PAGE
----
Buttery toast. One of life’s simple pleasures. But how many of us really taste everything when we eat? Not just when we’re eating toast but with anything we consume. I try to eat my food mindfully when I can – although that’s easier said than done with a small toddler waving spoons of mashed potato around – but when I do have a meal to myself, I try to savour every moment, observe the colour, texture and taste, slowly and with full awareness. (Well, when I remember.)
I always think fondly of the delicious vegan food from the 10-day silent retreat in Dharamshala a few years ago, not just because the food was full of rich Indian flavours but because at every meal time, with no distractions, no talking, no iPhones, no television, your full attention was spent on each mouthful – just you and your plate.
Last week, my new yoga teacher read the following guided meditation during relaxation at the end of the class and I was keen to share it with you. Not only did I leave the class more focused than before but all I could think about for the next 24 hours was buying a loaf of my favourite sourdough bread from my local baker. (Ha! It worked on two levels.)
If you feel like giving this simple meditation a try then simply have a read and then the next time you make some toast bear in mind what you’ve read below. You could also ask someone to read it to you whilst you sit with your eyes closed somewhere peaceful.
The idea is to pay attention to what is happening right here and now, to be fully present during everyday experiences and extract yourself from the dreamlike stage our mind wonders in.
Toast: A Meditation
Toast a piece of bread and as it’s cooking, savour the distinctive aroma of white or brown, ready-sliced or crusty, seeded or unseeded. Note any happy mental associations that arise. Spread the toast with butter, Marmalade or whatever takes your fancy, listening to the rasp of the knife and appraising the texture of the toasted bread as you do so. Notice and accept any frustrations as they arise in your mind. Perhaps the butter is straight out of the refrigerator and difficult to spread? Perhaps some sticky marmalade has found its way onto your fingers?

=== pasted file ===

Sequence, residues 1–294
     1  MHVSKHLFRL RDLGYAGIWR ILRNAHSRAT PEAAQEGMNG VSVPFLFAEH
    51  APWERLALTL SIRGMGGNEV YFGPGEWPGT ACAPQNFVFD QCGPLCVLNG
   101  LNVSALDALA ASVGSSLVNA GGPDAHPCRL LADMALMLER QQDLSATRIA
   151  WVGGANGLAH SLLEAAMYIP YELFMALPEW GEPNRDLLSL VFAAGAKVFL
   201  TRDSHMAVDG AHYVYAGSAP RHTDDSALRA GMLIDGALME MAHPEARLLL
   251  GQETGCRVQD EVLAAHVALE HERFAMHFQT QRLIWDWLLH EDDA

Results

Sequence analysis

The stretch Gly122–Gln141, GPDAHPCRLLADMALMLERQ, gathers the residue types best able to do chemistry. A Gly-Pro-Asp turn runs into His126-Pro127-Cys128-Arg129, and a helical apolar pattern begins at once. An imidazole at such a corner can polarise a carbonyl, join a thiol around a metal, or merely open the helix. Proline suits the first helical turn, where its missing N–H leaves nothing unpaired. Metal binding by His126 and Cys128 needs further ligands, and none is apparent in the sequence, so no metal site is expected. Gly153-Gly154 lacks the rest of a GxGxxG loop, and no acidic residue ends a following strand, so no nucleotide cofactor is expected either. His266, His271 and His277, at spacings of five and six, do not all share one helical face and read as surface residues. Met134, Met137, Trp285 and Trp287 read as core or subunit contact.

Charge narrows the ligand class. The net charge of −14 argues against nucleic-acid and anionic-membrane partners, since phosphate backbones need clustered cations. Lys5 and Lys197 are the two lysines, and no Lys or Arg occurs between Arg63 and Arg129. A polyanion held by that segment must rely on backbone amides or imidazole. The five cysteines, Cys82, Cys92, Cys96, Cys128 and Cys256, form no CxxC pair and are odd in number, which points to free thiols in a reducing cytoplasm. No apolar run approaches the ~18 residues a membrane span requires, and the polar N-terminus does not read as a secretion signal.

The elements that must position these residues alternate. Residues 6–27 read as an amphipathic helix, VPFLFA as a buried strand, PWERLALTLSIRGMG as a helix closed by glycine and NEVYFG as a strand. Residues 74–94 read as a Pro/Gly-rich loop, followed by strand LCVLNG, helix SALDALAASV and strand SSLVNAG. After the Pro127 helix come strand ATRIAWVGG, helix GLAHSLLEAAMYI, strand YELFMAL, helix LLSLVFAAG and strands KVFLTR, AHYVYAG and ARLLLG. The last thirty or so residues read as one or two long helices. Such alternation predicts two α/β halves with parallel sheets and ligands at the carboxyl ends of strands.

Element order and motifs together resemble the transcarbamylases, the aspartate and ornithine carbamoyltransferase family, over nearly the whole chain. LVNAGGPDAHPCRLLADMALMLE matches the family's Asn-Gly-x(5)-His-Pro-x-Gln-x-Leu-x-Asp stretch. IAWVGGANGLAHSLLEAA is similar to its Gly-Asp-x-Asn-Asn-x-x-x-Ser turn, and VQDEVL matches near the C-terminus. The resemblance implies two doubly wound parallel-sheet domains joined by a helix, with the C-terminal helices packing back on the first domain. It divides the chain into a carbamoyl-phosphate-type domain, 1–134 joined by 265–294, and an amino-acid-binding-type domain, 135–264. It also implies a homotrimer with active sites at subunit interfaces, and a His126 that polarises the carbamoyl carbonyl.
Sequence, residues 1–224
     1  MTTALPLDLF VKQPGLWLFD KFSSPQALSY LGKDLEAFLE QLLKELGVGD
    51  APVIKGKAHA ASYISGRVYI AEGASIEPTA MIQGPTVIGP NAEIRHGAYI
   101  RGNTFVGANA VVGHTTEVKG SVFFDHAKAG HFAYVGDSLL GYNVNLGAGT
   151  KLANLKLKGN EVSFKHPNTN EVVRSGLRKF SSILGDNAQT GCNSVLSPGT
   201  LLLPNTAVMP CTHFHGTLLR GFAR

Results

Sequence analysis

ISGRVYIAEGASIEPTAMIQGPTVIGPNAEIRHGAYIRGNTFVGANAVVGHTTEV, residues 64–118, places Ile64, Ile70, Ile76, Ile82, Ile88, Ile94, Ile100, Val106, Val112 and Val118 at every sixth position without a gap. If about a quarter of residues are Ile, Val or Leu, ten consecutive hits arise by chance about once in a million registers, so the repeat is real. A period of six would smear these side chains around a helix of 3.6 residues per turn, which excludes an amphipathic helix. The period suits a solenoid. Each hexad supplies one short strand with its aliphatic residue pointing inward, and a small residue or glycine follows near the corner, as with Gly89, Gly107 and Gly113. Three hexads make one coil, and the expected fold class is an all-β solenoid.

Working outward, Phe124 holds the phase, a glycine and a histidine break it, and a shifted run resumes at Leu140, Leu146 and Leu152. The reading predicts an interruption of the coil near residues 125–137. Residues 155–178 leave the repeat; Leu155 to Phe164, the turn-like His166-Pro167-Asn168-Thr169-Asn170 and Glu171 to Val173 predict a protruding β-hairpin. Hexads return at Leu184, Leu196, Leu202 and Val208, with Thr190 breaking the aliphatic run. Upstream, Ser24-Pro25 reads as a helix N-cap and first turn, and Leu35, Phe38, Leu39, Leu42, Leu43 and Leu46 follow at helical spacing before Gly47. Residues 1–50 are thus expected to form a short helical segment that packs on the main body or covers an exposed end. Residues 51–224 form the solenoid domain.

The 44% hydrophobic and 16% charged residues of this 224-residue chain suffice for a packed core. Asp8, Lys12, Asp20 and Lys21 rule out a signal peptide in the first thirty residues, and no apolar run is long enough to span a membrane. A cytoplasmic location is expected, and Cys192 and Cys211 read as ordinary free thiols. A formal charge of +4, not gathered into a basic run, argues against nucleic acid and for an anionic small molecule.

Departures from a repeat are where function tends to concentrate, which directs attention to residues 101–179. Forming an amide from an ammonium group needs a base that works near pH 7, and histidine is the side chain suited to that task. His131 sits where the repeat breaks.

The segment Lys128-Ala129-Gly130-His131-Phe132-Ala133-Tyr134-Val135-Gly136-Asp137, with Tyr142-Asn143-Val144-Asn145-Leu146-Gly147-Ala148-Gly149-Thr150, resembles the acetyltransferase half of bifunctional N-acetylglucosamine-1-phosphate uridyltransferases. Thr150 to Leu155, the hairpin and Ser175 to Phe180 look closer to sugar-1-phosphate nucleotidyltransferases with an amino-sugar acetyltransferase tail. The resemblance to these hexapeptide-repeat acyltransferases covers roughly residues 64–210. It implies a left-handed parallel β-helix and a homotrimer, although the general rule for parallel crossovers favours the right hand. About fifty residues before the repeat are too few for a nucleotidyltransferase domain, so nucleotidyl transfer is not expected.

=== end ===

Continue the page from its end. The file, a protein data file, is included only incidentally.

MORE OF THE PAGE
When the toast is ready to eat, look at it as if you had never seen a piece of toast before. Notice the fine structure of the bread still visible around the edges where the spread hasn’t reached, the difference in colouring and texture compared with the crust, the smoothness or runniness of the butter, the glossiness of the marmalade, its contours on the bread, its colouration and constituents. Maybe there are fine strips or chunks of orange rind, tiny air bubbles, flecks of darker colour. None of this is beneath your attention.
Sniff the toast and marmalade. Take a bite. Observe how the jaws, tongue and salivary glands immediately go to work of their own accord. Don’t try to stop them or slow them down, just note the crunch of each bite and the accompanying sounds inside your head. Now that you are actually paying attention, it might be surprising how loud these sounds are. Notice the changing texture of the food in your mouth as the teeth grind it down and saliva dissolved it. Give your full attention to the sharp acidity and sweetness of the orange, the oily butteriness of the butter, the butty toastiness of the toast.
Try all the fully automated movements of the tongue, jaws and lips as you chew and finally swallow. Notice the unfolding of all these behaviours as they happen, the almost unstoppable motivation to take another bite, and then another. All your impressions are valid, both the positive and negative. You may discover that you are enjoying the toast a whole lot more than if you’d just wolfed it down without thinking. Or perhaps you find the whole experience slightly disappointing. Maybe the toast is cold and chewy, the marmalade too sweet? There may be bitter, burned bits.
Accept it all with equanimity. This is simply how the toast is.
The above meditation was taken from the book Siddhartha’s Brain – The Science of Meditation, Mindfulness and Enlightenment by James Kingsland.
And if you’re reading, Hester – thanks for sharing this!
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